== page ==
In just 50 years, the United States went from a nation that too often spurned minorities and some immigrants to one that offered them a chance at the American dream, but that progress is in danger, writes UO Vice President for Equity and Inclusion Yvette Alex-Assensoh.
In an op-ed on the website of Diverse: Issues In Higher Education, Alex-Assensoh looks at some of the landmark pieces of legislation that helped people of color, non-European immigrants and other marginalized people come to the U.S., add their diversity and energy and become part of the nation’s social fabric. Some of those laws include the Voting Rights Act, the Higher Education Act and the Hart-Celler Act, which changed certain immigration rules.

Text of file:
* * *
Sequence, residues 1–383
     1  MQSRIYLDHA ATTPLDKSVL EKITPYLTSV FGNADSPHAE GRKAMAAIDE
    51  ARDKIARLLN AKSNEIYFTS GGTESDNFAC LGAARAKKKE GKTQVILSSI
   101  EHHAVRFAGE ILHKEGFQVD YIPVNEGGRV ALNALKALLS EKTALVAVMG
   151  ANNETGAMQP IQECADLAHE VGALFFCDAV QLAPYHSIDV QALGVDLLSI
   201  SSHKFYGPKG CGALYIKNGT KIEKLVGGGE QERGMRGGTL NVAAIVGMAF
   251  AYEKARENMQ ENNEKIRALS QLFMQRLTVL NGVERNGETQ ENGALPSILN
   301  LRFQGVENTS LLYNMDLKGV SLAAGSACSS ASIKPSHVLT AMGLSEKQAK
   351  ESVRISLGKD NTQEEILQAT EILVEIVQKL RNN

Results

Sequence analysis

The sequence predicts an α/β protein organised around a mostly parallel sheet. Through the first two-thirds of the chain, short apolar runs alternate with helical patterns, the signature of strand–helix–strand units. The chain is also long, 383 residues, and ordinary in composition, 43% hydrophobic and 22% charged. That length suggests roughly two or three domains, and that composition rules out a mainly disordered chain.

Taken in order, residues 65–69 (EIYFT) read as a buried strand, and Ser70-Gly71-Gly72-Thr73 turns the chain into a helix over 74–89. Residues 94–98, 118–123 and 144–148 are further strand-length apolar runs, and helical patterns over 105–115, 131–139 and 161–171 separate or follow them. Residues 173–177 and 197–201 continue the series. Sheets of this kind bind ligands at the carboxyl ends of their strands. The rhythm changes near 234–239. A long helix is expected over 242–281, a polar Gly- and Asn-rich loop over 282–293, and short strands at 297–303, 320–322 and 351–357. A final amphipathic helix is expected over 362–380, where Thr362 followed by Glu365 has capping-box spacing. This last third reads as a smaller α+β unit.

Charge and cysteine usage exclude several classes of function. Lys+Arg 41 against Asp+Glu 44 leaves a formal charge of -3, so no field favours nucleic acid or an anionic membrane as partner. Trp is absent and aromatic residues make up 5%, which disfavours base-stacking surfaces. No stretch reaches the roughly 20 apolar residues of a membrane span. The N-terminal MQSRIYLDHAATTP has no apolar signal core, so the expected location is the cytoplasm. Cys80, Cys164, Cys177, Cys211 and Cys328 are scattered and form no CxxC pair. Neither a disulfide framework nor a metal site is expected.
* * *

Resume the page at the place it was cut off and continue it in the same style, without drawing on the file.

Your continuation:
But now, Alex-Assensoh writes, those advances are in jeopardy from the current political climate. To counter that, a new generation of grass-roots activists is needed to help preserve past advances and push for future change, she said.
“Just 50 years ago, the U.S. civil rights movement and student activism across the country inspired the legislation that transformed America for the better,” Alex-Assensoh writes. “The current legislative gridlock suggests that our political leaders are in need of inspiration from the heart of America, perhaps from The Movement for Black Lives, student activism on college campuses or something that is yet to come.”
For the full article, see “50 Years of Access in Jeopardy” in Diverse: Issues In Higher Education